Capt. Margesson supported the appeal that the club should not suffer from lack of financial support. Mr. H. Lupton-Reddish conveyed the good wishes of the Warwickshire County Bowls Association of which he is president and said it was the ambition of every bowler to play on a Cumberland Turf green, for they all knew what it is to put down a good wood nicely delivered and with nice weight and then, just as they thought it was going near what it was put down to do, it kicked out against the bias. It would be a season or two before this green settled down and he gave them the heartiest good wishes for the success of the green.
C. Antill proposed a vote of thanks to the speakers and in seconding, Mr. F. Black referred to the fact that Mr. Clarke had been connected with the Club almost since its formation. He had been ''pitch-forked'' into offices of nearly every kind and deserved the heartiest thanks to all bowlers for his work. They also owed a debt of gratitude to Mr. Reddish, a member of the club, who as their legal advisor had done his utmost to help them
At the tea provided for players and visitors, Mr. W. H. Taplin, captain of the club, welcomed the members of the county team and said it was a proud day in the progress of the club, for they had long cherished a dream to possess their own private green and pavilion, especially a Cumberland Turf green and all that that meant. The real initiative was taken after the match last September, for on congratulating Capt. Strong and Coventry club on their enterprise, he responded by urging Rugby to 'buck up and get busy'. They had been busy, they were also proud and honoured to be playing Warwickshire and asked them to take their greetings to their respective clubs and tell them they were looking forward to playing them in many pleasant matches both at Rugby and away.
Councillor W. Ivens, Capt. of the county team, said as one who had a great deal to do with recreation and games in Coventry he appreciated the private enterprise in Rugby and they would find being under their own control better than public control.
The chairman proposed thanks to the press and Mr. E Woodroffe, an ex-secretary of the English Bowling Association said the Association was looking for its strength to private clubs rather than municipal greens, which were not self-supporting. Touching on the rise of the level green game, he pointed out that it was due to the enterprise of some Scotsmen in London about 70 years ago and the level green game was the only one they learned and could give them internationals. He had a great respect for the crown game, but the asset of the level green game was sociability. He read a telegram from the Middlesex County Bowls Association congratulating Warwickshire on the opening of Cumberland Turf greens at Rugby and Coventry.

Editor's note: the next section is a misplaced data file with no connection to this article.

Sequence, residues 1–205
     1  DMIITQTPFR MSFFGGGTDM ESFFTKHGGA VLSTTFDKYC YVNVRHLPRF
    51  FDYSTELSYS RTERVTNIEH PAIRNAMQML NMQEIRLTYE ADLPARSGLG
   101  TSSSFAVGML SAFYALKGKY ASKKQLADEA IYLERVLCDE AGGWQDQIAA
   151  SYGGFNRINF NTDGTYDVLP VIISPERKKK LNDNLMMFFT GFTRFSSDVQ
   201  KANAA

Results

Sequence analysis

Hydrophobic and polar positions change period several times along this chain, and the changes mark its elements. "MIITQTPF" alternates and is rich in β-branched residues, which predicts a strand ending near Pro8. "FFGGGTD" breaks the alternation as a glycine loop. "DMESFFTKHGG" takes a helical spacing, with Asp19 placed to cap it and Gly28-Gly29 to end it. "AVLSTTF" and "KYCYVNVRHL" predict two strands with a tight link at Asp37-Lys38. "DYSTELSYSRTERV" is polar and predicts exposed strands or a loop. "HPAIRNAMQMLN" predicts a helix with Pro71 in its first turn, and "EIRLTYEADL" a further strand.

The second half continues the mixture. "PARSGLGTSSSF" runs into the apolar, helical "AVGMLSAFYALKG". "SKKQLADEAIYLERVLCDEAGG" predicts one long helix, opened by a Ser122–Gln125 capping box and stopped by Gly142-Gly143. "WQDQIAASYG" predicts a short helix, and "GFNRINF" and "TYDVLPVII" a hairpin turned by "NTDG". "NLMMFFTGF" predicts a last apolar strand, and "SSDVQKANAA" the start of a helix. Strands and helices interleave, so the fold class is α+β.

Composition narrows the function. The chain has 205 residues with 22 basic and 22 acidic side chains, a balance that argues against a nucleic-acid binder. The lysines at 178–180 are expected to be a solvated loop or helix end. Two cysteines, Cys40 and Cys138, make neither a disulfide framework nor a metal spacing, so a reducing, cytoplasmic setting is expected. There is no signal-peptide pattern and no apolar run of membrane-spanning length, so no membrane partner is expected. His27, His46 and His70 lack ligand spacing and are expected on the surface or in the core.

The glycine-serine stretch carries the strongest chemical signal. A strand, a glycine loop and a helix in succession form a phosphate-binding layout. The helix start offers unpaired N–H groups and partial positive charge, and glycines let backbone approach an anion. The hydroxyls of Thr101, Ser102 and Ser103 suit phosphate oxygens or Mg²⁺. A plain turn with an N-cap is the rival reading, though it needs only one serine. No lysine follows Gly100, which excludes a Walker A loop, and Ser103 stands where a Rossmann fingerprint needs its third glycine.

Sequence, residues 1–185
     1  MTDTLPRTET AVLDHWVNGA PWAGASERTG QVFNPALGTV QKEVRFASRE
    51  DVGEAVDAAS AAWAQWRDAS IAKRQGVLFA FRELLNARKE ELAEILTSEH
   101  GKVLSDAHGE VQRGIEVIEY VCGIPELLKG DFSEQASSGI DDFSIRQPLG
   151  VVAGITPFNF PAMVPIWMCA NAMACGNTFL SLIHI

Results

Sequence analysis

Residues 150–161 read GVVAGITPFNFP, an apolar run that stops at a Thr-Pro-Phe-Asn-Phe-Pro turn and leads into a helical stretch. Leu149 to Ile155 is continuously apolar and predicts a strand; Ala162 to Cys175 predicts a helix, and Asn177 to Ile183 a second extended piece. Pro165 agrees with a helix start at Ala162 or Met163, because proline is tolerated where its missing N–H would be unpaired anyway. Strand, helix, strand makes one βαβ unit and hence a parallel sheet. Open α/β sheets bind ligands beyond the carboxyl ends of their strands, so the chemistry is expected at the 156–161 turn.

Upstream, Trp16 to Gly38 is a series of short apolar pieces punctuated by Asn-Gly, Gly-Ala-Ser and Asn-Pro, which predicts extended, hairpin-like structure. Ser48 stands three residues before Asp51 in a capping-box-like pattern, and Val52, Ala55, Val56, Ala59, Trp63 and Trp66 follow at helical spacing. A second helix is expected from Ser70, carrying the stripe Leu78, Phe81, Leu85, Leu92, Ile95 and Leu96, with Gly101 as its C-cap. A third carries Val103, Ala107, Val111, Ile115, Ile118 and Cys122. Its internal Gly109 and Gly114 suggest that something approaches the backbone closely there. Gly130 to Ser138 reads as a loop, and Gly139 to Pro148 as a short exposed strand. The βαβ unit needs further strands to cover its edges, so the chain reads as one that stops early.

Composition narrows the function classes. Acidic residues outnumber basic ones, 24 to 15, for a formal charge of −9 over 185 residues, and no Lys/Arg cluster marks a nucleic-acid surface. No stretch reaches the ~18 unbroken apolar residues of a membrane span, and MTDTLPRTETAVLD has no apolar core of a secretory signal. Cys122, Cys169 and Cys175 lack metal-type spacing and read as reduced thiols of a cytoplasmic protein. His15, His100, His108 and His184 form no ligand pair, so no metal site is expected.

Among the guests were Mr. C. W. Beadle, secretary of Cambridge County Bowls Association. and Mr. S. R.H. Molyneux of Bedford Bowls Club, an ex-president of the English Bowling Association and a native of Rugby.
Other milestones - 1945, 1953, 1970, 1987 and 2010
In 1945 the club members evolved a scheme to purchase the assets of Rugby Bowling Club Co. Ltd. and they became the owners of the clubhouse and green. This was largely thanks to a Mr. J. W. Clarke who donated a sum equal to that raised by the members. That clubhouse was extended in 1953 along with improvements in the toilet facilities. To celebrate the completion, on 12th June 1953, they had the honour of a visit by Robert Kirkland (Northumberland) - President of the English Bowling Association and Rugby Bowling Club played a game against Warwickshire President's team.
In the 1970's, a Banbury Buildings concrete verandah was incorporated along the front of the original wooden clubhouse. In 1984 the club obtained planning permission to erect a new clubhouse, the present building, at right angles to the old clubhouse and then in 1985 the Club purchased a strip of land from the Council to enable this new clubhouse to be moved further away from the green. Money again was the issue and was overcome by selling a building plot (No. 141A) fronting Bilton Road, a £1000 grant from Rugby Borough Council, a £3000 loan from the Sports Council, a £10,000 loan from a brewery, using the club’s own savings and donations from club members. The building was eventually completed thanks to a lot of hard work by many members and was officially opened by the Mayor of Rugby, Councillor Reg French in September 1987.
The new changing rooms were a vast improvement on the old clubhouse but over time it was realised that they were too small and in 2003 a Portacabin was sited on the patio to provide changing facilities for visiting teams and help to relieve congestion. While not ideal it proved adequate for some years and enabled the club to put money aside towards a permanent extension. In 2010, with a grant of £10,000 from Lafarge Aggregates and a donation of £85,000 from George Wimpey Limited for permission to alter the course of the Sowe Brook through the front car park, it was decided to proceed with the extension.
The project included three new changing rooms as well as doubling the size of the kitchen with a complete refit. The improvements also included extending the bar area into what was the kit room and by knocking down the old changing room walls the space was incorporated into the main hall.
Once again club members undertook a lot of the work themselves; firstly demolishing the portacabin and clearing the site, redecorating the building throughout and tiling the kitchen and bar extension. Contractors laid new carpet tiles in the main hall and changing rooms and vinolay in the kitchen and toilets. The extension was officially opened by the Mayor of Rugby, Cllr Don Williams on Saturday, 26th June 2010 before members played a match against Bidford-on-Avon.